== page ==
Posted by & filed under Canadian Government, Personal Tax.

Description: A report released by Canada’s Parliamentary Budget Officer is raising alarm regarding the government’s plan to double the limit on Tax Free Savings Accounts (TFSAs). Both the federal government and the provinces would eventually be losing billions in revenue each year as a result of the changes. With aging populations, this raises serious questions about where governments will find the  revenue to replace the loss from TFSAs.

Source: Globe and

Date:  February 25, 2015


Discussion Points:

1) What is your opinion on the planned increase in the TFSAs?

2) If you had $5,000, would you contribute it to as TFSA or to a registered retirement savings plan?

3) If you were advising the government, what revenue generating strategies might you recommend?

One Response to “Can Canada afford it?”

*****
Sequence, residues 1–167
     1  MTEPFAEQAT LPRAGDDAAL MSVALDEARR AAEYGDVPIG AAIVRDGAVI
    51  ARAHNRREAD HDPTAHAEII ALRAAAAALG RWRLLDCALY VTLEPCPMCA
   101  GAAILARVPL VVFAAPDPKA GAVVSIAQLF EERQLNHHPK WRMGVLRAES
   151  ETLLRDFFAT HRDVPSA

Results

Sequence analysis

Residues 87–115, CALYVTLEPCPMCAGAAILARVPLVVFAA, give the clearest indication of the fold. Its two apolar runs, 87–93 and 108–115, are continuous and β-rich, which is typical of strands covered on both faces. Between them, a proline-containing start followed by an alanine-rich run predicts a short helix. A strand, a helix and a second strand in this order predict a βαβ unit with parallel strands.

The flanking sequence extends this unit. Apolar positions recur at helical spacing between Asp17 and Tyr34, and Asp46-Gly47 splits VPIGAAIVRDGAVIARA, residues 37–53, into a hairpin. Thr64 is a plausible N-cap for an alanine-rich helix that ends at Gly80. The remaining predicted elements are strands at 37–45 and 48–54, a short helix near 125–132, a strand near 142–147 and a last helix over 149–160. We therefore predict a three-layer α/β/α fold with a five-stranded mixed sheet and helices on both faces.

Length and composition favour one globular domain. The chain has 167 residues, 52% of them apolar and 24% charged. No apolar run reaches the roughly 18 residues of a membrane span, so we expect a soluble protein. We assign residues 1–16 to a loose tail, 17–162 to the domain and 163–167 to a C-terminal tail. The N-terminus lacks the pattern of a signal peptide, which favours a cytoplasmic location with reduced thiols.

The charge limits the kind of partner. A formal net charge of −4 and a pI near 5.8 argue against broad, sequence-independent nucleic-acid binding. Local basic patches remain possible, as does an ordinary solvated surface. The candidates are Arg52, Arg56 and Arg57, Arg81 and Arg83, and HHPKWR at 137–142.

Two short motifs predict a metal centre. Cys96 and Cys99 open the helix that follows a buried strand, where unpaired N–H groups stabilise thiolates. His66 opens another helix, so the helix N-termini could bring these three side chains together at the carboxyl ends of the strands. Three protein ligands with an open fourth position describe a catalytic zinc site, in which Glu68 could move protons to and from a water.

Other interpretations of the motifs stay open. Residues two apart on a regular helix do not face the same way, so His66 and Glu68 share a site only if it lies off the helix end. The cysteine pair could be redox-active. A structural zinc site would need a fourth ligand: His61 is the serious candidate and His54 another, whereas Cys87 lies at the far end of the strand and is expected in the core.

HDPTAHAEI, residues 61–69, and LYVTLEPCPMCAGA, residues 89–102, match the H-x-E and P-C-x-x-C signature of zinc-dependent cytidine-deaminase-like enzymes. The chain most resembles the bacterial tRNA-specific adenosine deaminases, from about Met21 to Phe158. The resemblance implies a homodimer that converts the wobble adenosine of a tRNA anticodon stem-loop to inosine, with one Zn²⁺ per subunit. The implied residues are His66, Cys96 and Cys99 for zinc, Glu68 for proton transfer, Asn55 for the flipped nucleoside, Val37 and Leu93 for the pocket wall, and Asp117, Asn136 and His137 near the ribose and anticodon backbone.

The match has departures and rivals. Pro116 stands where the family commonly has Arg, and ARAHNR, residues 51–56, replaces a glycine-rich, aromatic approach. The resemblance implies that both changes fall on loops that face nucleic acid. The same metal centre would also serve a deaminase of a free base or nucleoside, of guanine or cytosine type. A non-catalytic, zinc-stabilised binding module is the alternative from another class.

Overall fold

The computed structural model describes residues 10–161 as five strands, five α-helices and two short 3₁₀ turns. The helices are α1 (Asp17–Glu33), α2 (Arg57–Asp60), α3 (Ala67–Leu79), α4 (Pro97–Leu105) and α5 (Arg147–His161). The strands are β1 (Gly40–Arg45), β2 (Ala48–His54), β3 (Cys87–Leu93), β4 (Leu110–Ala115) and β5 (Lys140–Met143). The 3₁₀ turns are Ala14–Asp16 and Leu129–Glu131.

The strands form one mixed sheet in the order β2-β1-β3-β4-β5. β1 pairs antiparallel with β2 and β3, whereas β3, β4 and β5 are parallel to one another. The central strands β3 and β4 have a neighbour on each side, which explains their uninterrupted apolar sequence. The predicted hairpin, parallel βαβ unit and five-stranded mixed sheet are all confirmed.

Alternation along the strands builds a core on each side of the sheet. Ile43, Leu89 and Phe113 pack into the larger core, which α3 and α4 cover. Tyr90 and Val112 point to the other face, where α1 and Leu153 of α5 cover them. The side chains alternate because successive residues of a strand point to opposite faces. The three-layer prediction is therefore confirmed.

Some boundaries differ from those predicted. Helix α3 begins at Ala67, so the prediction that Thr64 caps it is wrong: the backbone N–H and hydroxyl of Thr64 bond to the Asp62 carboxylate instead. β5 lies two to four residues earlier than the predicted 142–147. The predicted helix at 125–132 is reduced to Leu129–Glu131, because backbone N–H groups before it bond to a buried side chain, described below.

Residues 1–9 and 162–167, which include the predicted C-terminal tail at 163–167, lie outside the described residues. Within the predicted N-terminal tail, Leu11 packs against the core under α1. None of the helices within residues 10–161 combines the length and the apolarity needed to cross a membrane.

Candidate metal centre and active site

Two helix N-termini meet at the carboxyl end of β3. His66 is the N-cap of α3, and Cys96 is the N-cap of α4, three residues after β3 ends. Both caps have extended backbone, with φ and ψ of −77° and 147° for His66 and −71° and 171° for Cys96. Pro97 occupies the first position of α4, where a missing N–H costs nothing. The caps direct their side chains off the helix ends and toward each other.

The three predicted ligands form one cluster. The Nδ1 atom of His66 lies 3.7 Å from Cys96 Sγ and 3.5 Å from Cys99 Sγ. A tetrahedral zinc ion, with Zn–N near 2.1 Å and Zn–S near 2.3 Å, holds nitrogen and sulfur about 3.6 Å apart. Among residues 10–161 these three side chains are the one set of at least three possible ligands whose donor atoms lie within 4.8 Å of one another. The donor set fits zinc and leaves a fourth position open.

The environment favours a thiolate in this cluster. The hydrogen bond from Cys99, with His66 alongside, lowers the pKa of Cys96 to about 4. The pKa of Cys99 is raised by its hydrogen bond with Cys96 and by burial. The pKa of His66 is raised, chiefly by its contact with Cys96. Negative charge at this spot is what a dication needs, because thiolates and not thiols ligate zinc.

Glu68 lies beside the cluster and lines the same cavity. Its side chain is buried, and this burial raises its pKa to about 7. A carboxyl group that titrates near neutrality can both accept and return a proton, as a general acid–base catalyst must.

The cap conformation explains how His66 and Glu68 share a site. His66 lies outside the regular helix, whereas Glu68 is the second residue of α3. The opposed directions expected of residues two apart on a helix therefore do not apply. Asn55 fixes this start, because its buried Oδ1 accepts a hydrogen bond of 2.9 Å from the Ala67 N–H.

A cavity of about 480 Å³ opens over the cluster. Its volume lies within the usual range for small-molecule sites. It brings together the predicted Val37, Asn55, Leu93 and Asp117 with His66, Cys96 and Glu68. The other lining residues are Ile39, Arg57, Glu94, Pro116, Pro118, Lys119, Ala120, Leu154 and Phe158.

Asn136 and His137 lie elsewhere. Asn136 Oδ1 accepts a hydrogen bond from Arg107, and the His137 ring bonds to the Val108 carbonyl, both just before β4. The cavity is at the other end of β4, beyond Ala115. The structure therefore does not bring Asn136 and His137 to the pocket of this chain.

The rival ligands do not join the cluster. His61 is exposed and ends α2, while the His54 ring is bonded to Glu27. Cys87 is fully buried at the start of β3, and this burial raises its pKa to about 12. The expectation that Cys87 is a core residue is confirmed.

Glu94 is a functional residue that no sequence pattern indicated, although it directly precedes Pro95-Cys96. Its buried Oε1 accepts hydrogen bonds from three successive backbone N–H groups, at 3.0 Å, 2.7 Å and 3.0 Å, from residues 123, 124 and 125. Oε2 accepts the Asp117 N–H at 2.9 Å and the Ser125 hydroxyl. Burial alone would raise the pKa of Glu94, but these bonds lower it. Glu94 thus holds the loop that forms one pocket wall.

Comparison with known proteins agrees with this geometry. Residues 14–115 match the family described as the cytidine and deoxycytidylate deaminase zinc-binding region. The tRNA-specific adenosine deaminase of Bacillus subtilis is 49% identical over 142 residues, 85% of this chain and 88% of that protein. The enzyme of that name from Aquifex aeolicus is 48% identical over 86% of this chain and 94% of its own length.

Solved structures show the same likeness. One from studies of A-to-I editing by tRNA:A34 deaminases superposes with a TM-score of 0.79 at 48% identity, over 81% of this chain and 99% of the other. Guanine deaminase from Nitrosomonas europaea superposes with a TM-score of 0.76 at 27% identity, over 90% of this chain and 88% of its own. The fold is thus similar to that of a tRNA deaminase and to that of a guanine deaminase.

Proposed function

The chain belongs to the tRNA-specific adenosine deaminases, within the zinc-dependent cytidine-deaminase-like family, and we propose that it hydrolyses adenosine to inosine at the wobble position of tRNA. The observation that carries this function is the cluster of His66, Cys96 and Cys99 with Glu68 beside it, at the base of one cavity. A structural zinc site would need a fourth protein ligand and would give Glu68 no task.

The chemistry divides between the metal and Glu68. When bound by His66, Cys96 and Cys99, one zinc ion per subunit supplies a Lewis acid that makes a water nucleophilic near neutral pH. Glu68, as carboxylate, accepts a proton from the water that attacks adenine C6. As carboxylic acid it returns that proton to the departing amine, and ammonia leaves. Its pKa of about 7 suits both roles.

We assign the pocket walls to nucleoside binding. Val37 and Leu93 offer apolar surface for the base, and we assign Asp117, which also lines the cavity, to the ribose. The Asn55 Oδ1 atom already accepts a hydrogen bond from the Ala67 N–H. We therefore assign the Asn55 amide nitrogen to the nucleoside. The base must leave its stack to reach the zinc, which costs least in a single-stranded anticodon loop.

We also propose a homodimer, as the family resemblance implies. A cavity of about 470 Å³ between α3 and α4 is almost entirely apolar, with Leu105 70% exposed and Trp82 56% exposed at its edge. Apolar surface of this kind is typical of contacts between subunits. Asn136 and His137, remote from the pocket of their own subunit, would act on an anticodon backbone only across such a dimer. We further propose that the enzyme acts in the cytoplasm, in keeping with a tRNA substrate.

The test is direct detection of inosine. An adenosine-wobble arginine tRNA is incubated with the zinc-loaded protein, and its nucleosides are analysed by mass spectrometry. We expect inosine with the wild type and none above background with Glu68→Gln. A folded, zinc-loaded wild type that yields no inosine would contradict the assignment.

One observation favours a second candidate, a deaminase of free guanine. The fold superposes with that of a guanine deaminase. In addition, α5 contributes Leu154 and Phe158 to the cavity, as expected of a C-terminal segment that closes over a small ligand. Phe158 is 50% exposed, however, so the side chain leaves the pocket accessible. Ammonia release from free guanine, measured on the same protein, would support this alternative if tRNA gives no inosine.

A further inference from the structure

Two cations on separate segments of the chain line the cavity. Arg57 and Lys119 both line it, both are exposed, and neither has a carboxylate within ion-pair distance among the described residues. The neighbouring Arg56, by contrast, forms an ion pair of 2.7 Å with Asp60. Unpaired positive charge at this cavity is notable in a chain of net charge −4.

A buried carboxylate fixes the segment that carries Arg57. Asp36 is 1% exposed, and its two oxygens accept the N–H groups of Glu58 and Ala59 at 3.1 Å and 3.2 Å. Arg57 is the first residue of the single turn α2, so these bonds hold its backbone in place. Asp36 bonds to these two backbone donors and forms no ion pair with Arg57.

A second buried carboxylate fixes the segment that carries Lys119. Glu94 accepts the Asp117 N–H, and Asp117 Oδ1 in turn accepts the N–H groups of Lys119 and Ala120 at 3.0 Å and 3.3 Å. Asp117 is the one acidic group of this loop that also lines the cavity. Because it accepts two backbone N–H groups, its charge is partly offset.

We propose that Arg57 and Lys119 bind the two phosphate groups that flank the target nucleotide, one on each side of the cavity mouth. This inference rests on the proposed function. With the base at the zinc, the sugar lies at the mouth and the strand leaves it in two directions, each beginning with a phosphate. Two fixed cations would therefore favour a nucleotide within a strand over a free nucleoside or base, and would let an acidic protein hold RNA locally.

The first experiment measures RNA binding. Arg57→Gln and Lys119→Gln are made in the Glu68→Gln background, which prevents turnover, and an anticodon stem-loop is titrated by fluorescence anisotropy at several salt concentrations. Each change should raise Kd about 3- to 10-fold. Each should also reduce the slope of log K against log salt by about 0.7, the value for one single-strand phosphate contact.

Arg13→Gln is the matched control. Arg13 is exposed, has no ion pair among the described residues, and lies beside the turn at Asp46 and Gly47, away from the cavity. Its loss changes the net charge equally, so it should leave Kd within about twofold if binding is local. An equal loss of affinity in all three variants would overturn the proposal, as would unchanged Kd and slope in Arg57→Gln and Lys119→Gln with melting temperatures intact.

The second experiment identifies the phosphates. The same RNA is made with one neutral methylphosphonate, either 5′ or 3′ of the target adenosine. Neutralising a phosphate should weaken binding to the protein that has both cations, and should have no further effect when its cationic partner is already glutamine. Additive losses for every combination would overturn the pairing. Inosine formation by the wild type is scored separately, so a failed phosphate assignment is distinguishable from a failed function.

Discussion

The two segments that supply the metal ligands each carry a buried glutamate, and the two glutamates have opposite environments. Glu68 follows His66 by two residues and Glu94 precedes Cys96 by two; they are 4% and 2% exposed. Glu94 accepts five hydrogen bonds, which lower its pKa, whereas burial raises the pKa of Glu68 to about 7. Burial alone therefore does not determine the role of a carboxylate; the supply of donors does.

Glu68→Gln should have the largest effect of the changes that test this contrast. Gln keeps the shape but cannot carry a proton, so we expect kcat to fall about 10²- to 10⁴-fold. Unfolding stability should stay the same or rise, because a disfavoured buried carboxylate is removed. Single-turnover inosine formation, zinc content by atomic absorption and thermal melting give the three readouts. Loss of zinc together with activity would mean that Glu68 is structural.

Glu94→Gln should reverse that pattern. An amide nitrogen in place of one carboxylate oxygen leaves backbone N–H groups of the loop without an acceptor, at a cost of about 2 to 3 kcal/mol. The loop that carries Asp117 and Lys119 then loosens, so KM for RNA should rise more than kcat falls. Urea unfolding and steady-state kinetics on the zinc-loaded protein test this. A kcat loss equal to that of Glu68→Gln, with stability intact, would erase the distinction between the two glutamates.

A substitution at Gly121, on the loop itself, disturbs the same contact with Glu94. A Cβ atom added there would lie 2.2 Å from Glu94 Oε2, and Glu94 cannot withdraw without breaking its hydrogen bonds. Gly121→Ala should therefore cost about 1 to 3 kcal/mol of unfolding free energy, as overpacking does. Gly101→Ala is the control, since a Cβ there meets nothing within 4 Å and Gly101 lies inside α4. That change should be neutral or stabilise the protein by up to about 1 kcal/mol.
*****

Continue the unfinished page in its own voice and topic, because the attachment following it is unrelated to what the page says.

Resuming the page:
1. Brian Masterson

    It is rather ironic that the government is planning to increase the contribution limits of the TFSA’s while concurrently the Canada Revenue Agency is attacking successful TFSA’s (i.e. those that have significantly appreciated through aggressive investing within the plans).

    Since their inception the controls over the permissible investments by a TFSA have been tightened to effectively mirror those rules constraining RRSP and RRIF investments.

    Nevertheless, the Canada Revenue Agency is apparently reassessing income earned within successful TFSA’s as business income and subject to taxation, thereby eliminating the tax free accumulation of income within these plans.

    Better the government should clarify the tax policy regarding TFSA’s and leave the contribution limits as they are rather than increase the limits and permit the Canada Revenue Agency to attack at will those plans that they deem inappropriately successful.


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